that you can always fall back on when times get rough.” Guacamole was one of the first items Benavides learned to prepare. He says the dish is “very simple to make, and can really add to a taco of brisket or barbacoa.” The 30-year-old recalls his mom making guacamole and feels “it is special because it is part of my childhood.” When he has the chance to visit, Benavides goes home to Crystal City, Texas and visits his family. While home, he and his wife get together and make guacamole for his family to enjoy on Sunday morning with barbacoa tacos. While they eat at the table, Benavides says he gets to hear about his sisters’ experiences at the college they attend. “The fact that St. Mary’s University is a smaller campus than most universities is nice,” Benavides said. “As you get older, you look back at your college days and realize that you don’t remember half the people you encountered. When I talk to my sisters, there’s a sense that they know most of the people on campus by their first names.” photos and story by katherine benavides

chef’s tip If you did not eat all the guacamole, save it in the fridge for later. Squeeze a bit of lemon to prevent the dish from turning black.

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\ spring 2013 \ taste of stmu


guacamole

3

Empty with a spoon about half of each ingredient (tomatoes, cilantro, etc.) from the bowl into the other bowl with the avocado. Once that has been completed, add two pinches of salt.

4

Next cut the lime in half. Squeeze one of the halves onto the avocado mixture. Then, with a masher, or spoon, mash and mix the avocado mixture.

5

Continue to mix until you get a lime green, semi-thick mixture. Once completed, it is ready to serve.

directions

ingredients s

garlic

Then, cut a stick of cilantro into bits.

s

green peppers

Then, slice the tomato into four.

s

1/2 an onion

Slice and dice only a one-fourth

s

cilantro

of the tomato. Next, remove two

s

lime

cloves of garlic. Dice the vegetable.

s

salt

serving size s

6 people

preparation s

10 minutes

s

s

tomato

1 avocado

1

2

First, slice and dice the onion.

Then, add them to a bowl, but keep each ingredient separate from each other. Next, cut the avocado in half. Remove the seed and empty both halves of the avocado into a bowl.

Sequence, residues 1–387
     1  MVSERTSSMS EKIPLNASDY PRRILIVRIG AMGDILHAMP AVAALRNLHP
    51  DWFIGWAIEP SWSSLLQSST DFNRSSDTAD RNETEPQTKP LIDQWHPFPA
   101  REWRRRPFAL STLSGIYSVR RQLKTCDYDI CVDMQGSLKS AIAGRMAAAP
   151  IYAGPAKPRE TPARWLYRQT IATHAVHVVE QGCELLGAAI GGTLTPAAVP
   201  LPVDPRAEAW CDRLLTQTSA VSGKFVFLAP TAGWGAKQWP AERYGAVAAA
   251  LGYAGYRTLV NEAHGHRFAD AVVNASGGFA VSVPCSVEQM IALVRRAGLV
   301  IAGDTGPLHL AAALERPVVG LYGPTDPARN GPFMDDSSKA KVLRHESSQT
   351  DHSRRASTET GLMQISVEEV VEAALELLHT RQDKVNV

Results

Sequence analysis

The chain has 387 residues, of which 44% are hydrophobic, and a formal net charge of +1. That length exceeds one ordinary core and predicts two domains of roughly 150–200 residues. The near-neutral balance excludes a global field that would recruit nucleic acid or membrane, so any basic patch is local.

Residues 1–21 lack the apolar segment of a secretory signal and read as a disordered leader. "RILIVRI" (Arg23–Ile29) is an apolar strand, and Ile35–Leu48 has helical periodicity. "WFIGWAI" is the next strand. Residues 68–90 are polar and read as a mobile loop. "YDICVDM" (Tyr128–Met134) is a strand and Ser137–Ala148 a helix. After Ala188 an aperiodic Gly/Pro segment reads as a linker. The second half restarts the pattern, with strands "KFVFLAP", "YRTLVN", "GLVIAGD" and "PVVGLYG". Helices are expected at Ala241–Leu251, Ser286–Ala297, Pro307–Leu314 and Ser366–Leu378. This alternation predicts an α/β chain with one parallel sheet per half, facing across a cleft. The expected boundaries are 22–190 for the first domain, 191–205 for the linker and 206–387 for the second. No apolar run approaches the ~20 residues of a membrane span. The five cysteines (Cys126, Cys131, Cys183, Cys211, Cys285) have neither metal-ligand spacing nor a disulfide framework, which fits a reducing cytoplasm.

5 taste of stmu \ spring 2013 \ 11


buñuelos

decoding a recipe St. Mary’s student turns to making buñuelos as a fun hobby

D

photos and story by katherine benavides

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uring the day, senior computer information systems major Kathleen Benavides cracks software programs and translates codes in her classes and at her internship. But at night, the St. Mary’s University student is a fun personality who loves to create tasty dishes for her family and friends. “I have always had an interest in cooking or creating dishes for my family and friends,” Benavides said. “Cooking is more of a hobby to me but I definitely enjoy it. I want to be able to cook the variety of dishes my mom would cook for us when my siblings and I were kids.” Benavides enjoys all types of foods including chalupas, pizza and brisket. Benavides admits she does “not like all these foods together, but I like that each are different and come from different areas of the world.” Once she got to college, Benavides knew there was going to be a setback in cooking a variety of meals, but she did not let that stop her. She recalls bringing specific meats, vegetables and fruits from the cafeteria to concoct a few of her favorite dishes in her room. “My favorite food to cook is lemon fajitas. I’ll pick up some fajita meat in the café and a couple of lemons. Then, I’ll warm it up in my dorm and squeeze lemons for the juice on top. It gives it that great tangy taste.” The twin enjoys finding quick and simple meals to make, “since that is what college life allows you to make at times.” “I chose to make buñuelos (for the magazine) because they can serve as a tasty snack or dessert,” Benavides said. “They are also very simple and quick to make, especially in a college setting.” Her fun personality does not stop at making meals. Benavides likes to work out at the gym, read novels, visit the Marianist

Kathleen Benavides